This is a pilot project that builds upon ongoing research at the Norwegian Polar Institute in which annual monitoring of the arctic fox population in Svalbard is being carried out. The project manager requires access to the trapped fox carcasses prior to skinning to take photos and to describe any fur changes as well as check for the presence of lice in the fur. After skinning the furs with lice, that are not suitable for sale, will be transported to Tromsø for further in depth investigation.
Laboratory investigation will include further describing the changes to the fur (reduced density, shortened length, broken hairs, colour changes) and to the skin (hypermia, exudates, signs of excoriation, hyperkeratosis, hyperplasia, infection). In addition a standardised set of skin biopsies will be taken to estimate the burden of lice in the surface area of the biopsies and then extrapolate to estimate total louse burden in the fox as a whole. Skin biopsies will also be fixed in formalin to analyse any histopathological changes to the cells in the skin as a result of different lice burdens.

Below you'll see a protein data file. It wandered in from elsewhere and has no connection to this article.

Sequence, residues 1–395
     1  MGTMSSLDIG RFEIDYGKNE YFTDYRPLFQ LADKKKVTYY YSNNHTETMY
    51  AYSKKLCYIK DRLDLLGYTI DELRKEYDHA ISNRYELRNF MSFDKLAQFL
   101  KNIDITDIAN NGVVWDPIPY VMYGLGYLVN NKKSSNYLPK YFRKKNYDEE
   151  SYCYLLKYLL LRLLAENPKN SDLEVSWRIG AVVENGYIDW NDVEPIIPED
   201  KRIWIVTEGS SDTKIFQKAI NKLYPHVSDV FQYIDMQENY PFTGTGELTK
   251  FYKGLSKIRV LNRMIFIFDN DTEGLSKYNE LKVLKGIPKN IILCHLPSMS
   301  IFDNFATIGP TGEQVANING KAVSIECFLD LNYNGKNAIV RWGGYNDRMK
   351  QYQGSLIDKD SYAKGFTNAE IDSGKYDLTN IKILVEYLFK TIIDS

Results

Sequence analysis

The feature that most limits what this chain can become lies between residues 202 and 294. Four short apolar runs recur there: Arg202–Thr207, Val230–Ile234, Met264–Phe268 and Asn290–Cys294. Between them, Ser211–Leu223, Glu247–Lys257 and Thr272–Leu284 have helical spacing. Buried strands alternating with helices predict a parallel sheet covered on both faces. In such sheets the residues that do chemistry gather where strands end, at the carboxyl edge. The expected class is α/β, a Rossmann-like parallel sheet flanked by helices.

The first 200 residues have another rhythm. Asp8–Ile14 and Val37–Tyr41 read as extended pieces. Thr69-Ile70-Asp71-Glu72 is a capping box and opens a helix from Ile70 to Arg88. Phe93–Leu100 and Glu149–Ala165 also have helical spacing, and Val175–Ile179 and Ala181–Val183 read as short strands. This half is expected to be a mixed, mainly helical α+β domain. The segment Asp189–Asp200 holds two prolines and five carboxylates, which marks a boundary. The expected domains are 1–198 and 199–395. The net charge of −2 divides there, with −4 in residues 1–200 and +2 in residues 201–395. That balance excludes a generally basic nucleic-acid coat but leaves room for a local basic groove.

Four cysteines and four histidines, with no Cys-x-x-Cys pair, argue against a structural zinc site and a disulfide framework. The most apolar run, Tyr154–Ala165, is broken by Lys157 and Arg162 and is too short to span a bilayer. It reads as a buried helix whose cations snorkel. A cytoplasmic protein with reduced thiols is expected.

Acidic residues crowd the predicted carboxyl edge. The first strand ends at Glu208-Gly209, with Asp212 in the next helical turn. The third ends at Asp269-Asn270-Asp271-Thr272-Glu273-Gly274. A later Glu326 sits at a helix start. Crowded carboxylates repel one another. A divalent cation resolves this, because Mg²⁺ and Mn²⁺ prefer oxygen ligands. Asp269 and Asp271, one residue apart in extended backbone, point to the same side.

The extent of fur and skin changes as well as the distribution of change will be modelled against the louse burdens for the different areas of the body to see how changing louse burdens impact fur quality and skin pathology. The pelts used in this project will also be used for further study in a concomitant project lead by UiT Norway's Arctic University looking at the impact that lice infection has on thermoregulatory capabilities of the fur.